Mexico City

Como fantasmas que vienen de las sombras… y en las sombras, se van at Espacio de Arte Contemporáneo

Like with mazes and haunted houses, there’s a magnetic appeal in unraveling the mysteries that fictitious places offer. We enjoy undefined atmospheres where a strange comfort assures the encounter with the unknown and is met with the thrill of discovery. Because our sense of control struggles with the powerful forces of uncertainty, we are challenged by our own idea of self-representation, despite being aware that the simulated experience will eventually end. That ambivalence is present at Espacio de Arte Contemporáneo (ESPAC) in its current exhibition Como fantasmas que vienen de las sombras… y en las sombras, se van [Like ghosts that come from the shadows… and in the shadows, they leave].

Jazael Olguín. Paisaje molar, 2015; black marker and three paintings. Courtesy of ESPAC.

Jazael Olguín. Paisaje molar, 2015; black marker and three paintings. Courtesy of ESPAC.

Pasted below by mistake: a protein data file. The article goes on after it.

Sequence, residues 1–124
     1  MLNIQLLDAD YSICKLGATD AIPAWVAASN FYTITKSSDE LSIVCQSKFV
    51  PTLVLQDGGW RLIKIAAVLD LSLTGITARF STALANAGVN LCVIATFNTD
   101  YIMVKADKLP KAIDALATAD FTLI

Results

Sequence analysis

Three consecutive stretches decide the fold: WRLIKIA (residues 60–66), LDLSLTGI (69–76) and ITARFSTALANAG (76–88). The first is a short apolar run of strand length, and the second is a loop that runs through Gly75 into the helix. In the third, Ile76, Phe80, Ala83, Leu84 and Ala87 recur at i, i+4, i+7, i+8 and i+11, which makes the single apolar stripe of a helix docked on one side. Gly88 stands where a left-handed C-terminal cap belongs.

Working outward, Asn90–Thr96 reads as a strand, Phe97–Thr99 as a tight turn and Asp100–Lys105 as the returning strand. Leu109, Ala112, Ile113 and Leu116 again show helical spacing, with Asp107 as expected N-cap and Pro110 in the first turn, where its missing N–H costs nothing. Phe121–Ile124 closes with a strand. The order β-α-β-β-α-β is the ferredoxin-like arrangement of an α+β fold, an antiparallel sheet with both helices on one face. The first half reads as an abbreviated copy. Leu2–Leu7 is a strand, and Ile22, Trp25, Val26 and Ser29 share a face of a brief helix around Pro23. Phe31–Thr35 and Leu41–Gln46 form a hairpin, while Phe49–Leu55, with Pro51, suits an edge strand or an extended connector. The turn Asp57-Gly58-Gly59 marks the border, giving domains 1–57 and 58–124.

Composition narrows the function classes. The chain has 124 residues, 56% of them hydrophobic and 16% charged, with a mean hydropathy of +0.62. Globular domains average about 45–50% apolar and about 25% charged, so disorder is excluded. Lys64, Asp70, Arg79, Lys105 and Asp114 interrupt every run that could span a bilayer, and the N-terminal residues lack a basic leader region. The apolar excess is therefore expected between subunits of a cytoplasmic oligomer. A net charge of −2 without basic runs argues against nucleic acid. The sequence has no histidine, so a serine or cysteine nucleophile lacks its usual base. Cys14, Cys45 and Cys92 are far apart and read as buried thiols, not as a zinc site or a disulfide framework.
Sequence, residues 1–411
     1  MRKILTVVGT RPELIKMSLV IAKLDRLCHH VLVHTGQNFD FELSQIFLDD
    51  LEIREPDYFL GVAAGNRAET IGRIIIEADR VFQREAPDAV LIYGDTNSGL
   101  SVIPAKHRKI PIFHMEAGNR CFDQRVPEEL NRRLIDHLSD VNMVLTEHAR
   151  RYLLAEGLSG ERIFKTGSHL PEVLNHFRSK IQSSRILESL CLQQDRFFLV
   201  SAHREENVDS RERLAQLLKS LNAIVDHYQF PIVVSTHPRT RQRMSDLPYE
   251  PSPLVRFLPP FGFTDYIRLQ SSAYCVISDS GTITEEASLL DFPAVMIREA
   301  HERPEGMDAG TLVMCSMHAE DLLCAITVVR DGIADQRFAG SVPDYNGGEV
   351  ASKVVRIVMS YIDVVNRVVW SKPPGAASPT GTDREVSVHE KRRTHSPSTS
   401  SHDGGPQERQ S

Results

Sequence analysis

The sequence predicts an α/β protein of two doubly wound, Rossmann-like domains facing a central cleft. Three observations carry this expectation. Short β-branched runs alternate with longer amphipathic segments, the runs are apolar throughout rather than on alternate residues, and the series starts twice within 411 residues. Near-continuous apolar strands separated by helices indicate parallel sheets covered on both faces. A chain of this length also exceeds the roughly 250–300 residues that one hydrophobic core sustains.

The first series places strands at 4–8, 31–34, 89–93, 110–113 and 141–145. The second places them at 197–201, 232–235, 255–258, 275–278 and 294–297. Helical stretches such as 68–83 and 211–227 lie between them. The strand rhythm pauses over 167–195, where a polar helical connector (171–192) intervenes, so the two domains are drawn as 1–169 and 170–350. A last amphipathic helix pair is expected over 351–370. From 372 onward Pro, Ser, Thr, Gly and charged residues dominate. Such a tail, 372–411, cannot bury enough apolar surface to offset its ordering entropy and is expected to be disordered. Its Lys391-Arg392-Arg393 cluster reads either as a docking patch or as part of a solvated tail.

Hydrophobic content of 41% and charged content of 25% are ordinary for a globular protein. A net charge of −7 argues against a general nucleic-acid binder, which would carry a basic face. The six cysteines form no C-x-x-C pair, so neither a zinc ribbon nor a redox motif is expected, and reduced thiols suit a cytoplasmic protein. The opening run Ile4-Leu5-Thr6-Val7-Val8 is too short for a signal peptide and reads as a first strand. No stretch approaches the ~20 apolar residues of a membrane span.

Curated by artists Juan Caloca and Andrés Villalobos, the exhibition features works by seventeen artists, situated within an immersive installation, Grutas [Grottos] (2015), built by Villalobos and Jonathan Miralda. Installed in a 600-square-meter room, the cave—made of cardboard boxes, wood, and brown tape—works as a physical and semantic frame for the other pieces, erasing their boundaries and enabling new meanings in this context.

Since there are no wall labels, visitors must suspend the rules of behavior in a white cube and transit at their own pace. The way they choose to walk around redefines the installation and creates multiple narratives. This scavenger hunt is both filled with moments of recognition and complete strangeness toward grasping the meaning of its discourse. In the darkness of Grutas [Grottos], perception, identities, and corporealities are put at stake alongside the relations we establish with technologies. Limits vanish, and visitors are dragged to question the dichotomies of presence–absence and visible–invisible, ultimately accepting a phantasmagoric status. Artificial light emerges from electronic devices, as if the cave was a self-sufficient being with the ability to produce its own living conditions.